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Reviews Comments: A Unique Bit of Halo Literature Halo Cryptum film/book review by Or Kuun Ar Qen Byundis

Alright, I'll admit it, I may be a bit biased in this review. When I first heard "Forerunner Saga" my first thought was "For real? They're actually revealing things about the Forerunners? Oh hello Wilbur, how's the weather up there?". I was, in a word, "stoked". However, I'm going act professional, so I'll admit, it's not perfect.

Holy crap, but it's close.

I'd like to start off with something very important: this does not feel like Halo. Take that how you will, but I consider it a good thing; this series is primarily our gateway into the new era of Halo, and if it's anything like this book, I'll be even more "stoked". It's detailed, it's poignant, it uses words I haven't heard before but are surprisingly present in the English dictionary, and it's unique.

We see through the eyes of an adolescent Forerunner named Bornstellar Makes Eternal Lasting, a rebellious youth who finds his existence dreary, and so stows away on an earth-bound ship to seek treasure he believes is present there. He becomes acquainted with two guides, a young human after our own kind named Chakas, and a floresiensis (hobbit/Florian) named Riser. However, they soon find that their path has been predetermined by a Forerunner whose genius and influence is unparalleled, and together, they become embroiled in a story more ancient, unpleasant, and complicated than they could have ever dreamed. We are introduced to the true face of the Forerunners, the Flood, and, most importantly, the godlike race of beings known as the Precursors, while Bornstellar learns what price maturity can demand.

"Professional" reviewers commented that this book is for the "hardcore Halo fans". I think this is true. If you've just begun your foray into the world of Halo literature, let alone the games, it might be best to start with another book. But maybe that's what makes this novel so awesome for me: it's tailored toward Halo fans. There's only two things that might not endear you to it: it's a little short, and don't expect the fast-paced action of the other novels.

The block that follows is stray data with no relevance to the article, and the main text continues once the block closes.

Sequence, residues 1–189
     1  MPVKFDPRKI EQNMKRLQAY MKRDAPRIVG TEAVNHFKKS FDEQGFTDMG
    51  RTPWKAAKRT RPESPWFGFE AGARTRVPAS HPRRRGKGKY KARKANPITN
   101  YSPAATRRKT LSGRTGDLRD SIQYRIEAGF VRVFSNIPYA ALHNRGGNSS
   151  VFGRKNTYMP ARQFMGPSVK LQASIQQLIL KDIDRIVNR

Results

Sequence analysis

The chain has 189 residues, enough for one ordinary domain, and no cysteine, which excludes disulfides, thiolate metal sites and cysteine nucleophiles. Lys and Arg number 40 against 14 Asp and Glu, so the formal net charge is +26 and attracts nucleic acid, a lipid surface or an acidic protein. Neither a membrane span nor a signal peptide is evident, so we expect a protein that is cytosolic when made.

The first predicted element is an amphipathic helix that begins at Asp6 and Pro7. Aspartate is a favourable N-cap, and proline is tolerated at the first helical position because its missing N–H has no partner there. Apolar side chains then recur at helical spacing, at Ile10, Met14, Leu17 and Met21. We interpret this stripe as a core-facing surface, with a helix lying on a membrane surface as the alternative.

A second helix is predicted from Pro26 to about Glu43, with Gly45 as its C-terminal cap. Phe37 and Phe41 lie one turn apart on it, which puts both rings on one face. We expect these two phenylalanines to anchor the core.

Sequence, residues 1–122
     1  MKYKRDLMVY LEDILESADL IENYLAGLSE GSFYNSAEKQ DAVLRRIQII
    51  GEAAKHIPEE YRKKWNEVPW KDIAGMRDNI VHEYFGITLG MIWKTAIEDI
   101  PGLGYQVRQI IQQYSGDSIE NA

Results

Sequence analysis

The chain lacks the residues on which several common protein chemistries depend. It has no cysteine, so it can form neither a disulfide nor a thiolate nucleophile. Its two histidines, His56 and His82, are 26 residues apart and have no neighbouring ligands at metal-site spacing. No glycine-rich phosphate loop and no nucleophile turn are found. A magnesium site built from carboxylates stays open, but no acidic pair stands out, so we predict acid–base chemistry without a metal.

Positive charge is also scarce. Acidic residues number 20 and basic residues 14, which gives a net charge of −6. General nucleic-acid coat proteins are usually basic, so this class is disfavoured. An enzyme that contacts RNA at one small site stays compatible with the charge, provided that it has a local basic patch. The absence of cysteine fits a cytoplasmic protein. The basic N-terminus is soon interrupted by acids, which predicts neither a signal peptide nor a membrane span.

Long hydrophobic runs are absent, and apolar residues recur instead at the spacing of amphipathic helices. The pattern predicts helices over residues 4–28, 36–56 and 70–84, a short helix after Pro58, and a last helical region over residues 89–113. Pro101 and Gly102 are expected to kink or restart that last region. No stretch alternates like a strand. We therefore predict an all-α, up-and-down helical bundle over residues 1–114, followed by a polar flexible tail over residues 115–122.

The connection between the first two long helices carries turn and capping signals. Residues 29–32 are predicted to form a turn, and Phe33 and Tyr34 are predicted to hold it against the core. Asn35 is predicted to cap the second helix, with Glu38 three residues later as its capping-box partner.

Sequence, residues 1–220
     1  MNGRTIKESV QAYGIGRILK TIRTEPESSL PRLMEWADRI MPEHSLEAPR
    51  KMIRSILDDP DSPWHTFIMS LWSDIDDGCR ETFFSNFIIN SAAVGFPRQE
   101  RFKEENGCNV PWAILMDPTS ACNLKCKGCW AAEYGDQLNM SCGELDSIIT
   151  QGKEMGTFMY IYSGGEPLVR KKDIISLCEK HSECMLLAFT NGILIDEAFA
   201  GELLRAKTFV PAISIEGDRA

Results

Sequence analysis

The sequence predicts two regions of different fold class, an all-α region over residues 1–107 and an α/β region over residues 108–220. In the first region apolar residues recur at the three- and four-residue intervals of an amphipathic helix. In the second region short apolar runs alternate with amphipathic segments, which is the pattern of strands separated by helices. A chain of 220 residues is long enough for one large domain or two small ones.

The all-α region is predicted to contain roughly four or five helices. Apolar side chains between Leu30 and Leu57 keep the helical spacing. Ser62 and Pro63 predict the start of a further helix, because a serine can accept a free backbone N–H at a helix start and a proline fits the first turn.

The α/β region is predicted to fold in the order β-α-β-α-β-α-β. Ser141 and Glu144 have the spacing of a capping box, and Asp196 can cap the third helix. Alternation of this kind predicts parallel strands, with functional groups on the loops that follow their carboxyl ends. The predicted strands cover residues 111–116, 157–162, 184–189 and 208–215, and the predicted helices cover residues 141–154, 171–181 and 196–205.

If you love Halo, and want to be treated to some mind-blowing reveals and truly awe-inspiring writing, I fully recommend you give this book a go.


  • EndlessSea
  • 14th Jul 12
Um, I'm a fan who hasn't read it, but through the Halo wikis and stuff, I know enough about it and Halo lore to know that the two don't exactly mesh. Check out the Iris campaign and transcripts of the Halo 3 terminals, both of which were written by Bungie back in the day and thus considered BY BUNGIE higher-level canon; certain facts from Cryptum directly contradict these two sources.

Again, going by the wikis here; take what I say with a grain of salt. :P For all I know, the actual quality of the book, regardless of canon, may be spectacular.
  • OrKuunArQenByundis
  • 17th Jul 12
I thought the canon sort of clashed as well. However, the sequel revealed some interesting things that can reasonably fit in with established canon, including, among other things, the supposed death of the Didact before the terminals were made.
  • EndlessSea
  • 17th Oct 12
...Wait, does that mean the terminals were made AFTER the Halo Array was fired? 'Cause from what I've read, the Didact was the one who did that.
  • UmbrellasWereAwesome
  • 5th Dec 15
For anyone reading this nowadays, it turns out that there were two Didacts, with the copy being the one seen in 3's terminals. Additionally, the last book in the trilogy, Silentium, managed to tie Bear's and 343's new material with Bungie's original lore pretty neatly together.

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